Maybe it's nostalgia for bygone gridiron glory. Maybe it's the Rudy factor. Maybe it's the television exposure. Maybe it's relishing Rick Reilly's wrongheadedness. Maybe it's just plain old SEC fatigue.
Whatever the reasons, a healthy majority of ESPN's SportsNation is hoping for a Notre Dame victory in the National Championship game. A look at the map reveals what would be an electoral landslide of nearly Johnson-Goldwater proportions. The Irish are favored in every state except those in old SEC territory, as both Texas and Missouri have decided to side with Notre Dame.
Not surprisingly, the Irish draw the highest level of support (88 percent) from home state Indiana. But a lot of other states also prefer ND by wide margins. Neighboring Illinois (77 percent) is home to the greatest number of Golden Domers in the country and, with 17,000 members, the Notre Dame Club of Chicago bills itself as "the largest alumni club in the nation."
Northeasterners, and particularly those in New England, also heavily favor the Irish. It may be that in a region devoid of a nationally competitive program (sorry, Boston College and Connecticut), folks have latched on to a team that's on network TV just about every week.
The Northeast is also home to a lot of Catholics (including a lot of folks of Irish ancestry) who may be more inclined to cheer, cheer for old Notre Dame. Rhode Island (78 percent rooting for ND), Masschusetts (71 percent), Connecticut (72 percent) and New Jersey (72 percent) are the states with the highest proportion of Catholics in the nation.
Massachusetts and New Hampshire (82 percent supporting the Irish) are home to the highest proportion of those with Irish ancestry. The local NBA team isn't called the Celtics for nothing. Legend has it that team founder Walter Brown exclaimed, "Boston is full of Irishmen. We'll put them in green uniforms and call them the Boston Celtics!"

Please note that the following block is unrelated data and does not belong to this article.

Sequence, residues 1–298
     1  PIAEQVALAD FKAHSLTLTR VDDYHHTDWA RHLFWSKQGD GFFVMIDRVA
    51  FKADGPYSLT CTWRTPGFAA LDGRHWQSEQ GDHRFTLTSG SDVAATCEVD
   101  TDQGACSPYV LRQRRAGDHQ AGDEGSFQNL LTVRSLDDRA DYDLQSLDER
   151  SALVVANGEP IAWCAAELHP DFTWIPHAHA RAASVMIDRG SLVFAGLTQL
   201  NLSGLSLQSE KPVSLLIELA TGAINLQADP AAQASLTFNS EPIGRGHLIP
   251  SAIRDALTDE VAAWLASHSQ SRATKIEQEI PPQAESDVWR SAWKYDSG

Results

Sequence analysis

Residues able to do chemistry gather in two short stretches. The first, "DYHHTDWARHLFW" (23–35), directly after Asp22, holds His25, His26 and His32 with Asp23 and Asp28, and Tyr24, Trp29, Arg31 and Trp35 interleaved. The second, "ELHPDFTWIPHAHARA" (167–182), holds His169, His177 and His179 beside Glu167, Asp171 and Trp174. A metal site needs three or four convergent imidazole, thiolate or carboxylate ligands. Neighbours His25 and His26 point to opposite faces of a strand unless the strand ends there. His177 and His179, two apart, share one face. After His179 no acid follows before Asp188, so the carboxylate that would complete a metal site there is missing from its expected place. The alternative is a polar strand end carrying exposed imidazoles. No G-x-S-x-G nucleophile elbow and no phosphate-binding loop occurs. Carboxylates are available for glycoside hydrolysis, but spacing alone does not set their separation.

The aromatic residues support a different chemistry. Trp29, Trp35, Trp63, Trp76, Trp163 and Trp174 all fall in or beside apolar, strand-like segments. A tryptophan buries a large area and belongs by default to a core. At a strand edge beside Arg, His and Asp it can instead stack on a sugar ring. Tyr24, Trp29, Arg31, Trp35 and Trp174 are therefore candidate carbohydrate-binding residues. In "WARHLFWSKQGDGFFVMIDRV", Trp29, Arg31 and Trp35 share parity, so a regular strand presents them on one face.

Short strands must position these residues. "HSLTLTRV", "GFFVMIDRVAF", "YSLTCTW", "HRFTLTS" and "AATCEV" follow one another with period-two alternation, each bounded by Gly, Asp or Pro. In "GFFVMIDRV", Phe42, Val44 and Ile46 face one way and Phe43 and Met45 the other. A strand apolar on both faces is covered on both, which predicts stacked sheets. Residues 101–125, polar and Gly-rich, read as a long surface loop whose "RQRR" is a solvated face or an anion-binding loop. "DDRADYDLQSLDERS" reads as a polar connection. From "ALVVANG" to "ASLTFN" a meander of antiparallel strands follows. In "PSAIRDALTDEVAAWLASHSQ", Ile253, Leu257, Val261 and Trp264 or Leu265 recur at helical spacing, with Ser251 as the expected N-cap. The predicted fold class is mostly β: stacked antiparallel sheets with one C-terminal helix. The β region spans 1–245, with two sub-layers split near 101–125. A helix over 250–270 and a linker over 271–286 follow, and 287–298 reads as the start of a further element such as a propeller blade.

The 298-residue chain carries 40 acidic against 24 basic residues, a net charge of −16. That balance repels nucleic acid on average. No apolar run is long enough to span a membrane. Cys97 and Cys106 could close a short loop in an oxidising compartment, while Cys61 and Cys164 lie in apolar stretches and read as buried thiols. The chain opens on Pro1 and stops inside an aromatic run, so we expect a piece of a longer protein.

Stats guru Nate Silver of presidential prediction fame penned a column last year that estimated the fan support of various college football teams. Notre Dame ranked fourth (behind Ohio State, Michigan and Penn State), and his number-crunching revealed the top TV market for Irish fans was New York.
There's little doubt that Notre Dame's ethnic appeal, historical prowess and national television contract have made the Irish a national (and even international) brand. They play a national schedule -- annual games against USC and Navy complement regional matchups against Big Ten schools. Over the past several years, they've taken their show on the road by hosting a "home" game in Chicago, San Antonio, New York and Washington as part of the "Shamrock Series." The Irish opened this season with a win over Navy in Dublin.
That's not to say that there aren't a lot of ND haters out there -- largely a result of past Irish success. But two-and-a-half decades of relative futility have made Notre Dame the (somewhat) lovable underdog -- a team of Rudys, perhaps -- especially against the big, bad SEC.